It didn’t happen with the ceremony of the potlatch that I craved, but I spent a few days with the women sharing stories and imparting the power and love that went into those clothes. I visualize them wearing Savage Designs’ Dreamweaver Pants and transmuting their broken dreams and my broken dreams into new dreams because dreaming is such an important and powerful act in life. The natural world has been my most powerful teacher in life and I don’t think I have ever become programmed to believe that there isn’t an abundance and limitlessness to our existence. Brain science says the act of selfless giving activates the mesolimbic reward system, making me a happier person, and I know it to be true. This was very painful for me, as I gave up my best money-making potential for my family at a time when I am pregnant and my family is expanding, yet it was incredibly freeing. I’ve had enough experiences in life without money or in situations where the only thing left is faith that the universe will provide, to know that we will be ok. I can feel proud of the accomplishments of my past, incredibly grateful for the opportunity to have a dream and see it manifest, but I can no longer identify with who I was when I started my company 7 years ago. I am someone different, living a new life in a new time, and adapting to the changes life has forced me to make.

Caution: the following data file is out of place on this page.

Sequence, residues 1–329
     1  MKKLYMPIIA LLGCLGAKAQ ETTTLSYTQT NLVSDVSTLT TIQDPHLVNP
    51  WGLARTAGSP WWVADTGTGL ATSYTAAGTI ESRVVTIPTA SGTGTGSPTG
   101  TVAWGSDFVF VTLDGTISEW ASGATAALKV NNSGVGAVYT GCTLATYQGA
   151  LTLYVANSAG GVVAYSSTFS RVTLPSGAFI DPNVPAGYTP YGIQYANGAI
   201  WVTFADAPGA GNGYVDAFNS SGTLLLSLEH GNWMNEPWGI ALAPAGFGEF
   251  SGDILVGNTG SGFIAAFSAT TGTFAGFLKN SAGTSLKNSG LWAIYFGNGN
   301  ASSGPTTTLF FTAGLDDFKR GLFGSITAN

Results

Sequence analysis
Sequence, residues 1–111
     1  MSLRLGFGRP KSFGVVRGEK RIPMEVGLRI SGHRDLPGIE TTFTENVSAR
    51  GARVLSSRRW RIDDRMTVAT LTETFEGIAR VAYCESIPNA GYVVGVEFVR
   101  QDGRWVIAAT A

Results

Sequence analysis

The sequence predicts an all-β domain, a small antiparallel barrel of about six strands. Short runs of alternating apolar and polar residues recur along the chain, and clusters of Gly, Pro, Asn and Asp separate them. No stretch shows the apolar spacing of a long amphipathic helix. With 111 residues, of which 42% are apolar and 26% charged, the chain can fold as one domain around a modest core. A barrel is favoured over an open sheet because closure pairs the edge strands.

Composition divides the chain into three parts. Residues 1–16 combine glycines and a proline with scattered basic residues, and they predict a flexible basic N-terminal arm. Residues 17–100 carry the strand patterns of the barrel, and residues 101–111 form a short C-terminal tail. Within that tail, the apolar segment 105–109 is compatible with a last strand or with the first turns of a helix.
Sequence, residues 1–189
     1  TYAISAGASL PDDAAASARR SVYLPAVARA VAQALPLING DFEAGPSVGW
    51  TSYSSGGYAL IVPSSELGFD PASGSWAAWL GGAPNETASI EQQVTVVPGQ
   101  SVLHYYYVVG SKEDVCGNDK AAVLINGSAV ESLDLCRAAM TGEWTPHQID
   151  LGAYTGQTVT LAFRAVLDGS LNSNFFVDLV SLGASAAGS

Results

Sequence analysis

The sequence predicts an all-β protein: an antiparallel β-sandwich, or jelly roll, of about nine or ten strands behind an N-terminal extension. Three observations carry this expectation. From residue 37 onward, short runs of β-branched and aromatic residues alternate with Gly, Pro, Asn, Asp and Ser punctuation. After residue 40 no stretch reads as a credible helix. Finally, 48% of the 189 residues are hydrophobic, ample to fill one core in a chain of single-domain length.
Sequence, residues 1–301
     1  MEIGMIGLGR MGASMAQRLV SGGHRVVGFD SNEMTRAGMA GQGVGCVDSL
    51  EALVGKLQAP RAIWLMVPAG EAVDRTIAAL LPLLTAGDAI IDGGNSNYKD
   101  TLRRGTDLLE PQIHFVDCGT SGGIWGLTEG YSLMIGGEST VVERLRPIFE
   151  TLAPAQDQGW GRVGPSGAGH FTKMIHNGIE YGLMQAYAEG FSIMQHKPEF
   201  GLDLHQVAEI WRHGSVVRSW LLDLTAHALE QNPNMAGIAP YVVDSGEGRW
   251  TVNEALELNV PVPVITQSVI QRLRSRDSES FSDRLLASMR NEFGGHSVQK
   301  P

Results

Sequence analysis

Faith that things will work out doesn’t give anyone the right to not get smarter in their decision-making. There are some very real large-scale issues humanity is facing, and although justice is an essential piece of the equation, I hear more people complaining and blaming instead of taking personal responsibility for their actions. We need to come together as a human family and to trust in the limitlessness of our love and the abundance provided by our own energy and that of the earth. One cannot give to the point of putting themselves at risk of falling through the cracks, but separating from our wants will reveal a new path that must be walked in order to survive on this rapidly changing planet. I encourage you to become an active participant in the gift-giving culture. The circle of life continues for me. I am growing a baby and can’t help but keep dreaming. I envision the island of Maui transitioning to practices of mobile cellulose fiber production of our invasives of Eucalyptus and African Tulip into beautiful fabrics. I’ve begun going to thrift stores to upcycle white garments and dye them with natural dye plants found in abundance on the island and to then infuse them with aromatics that I distill from plants found in abundance. I’m working on a wild foods book for the islands, as none exist, and to continually cultivate food and healthy community and respect for the earth and all its living and nonliving beings. Thank you for listening and I encourage you to give it all away…all the non-essentials that is, and the worn out attitudes and all the things that don’t provide beauty in your life. Bless up.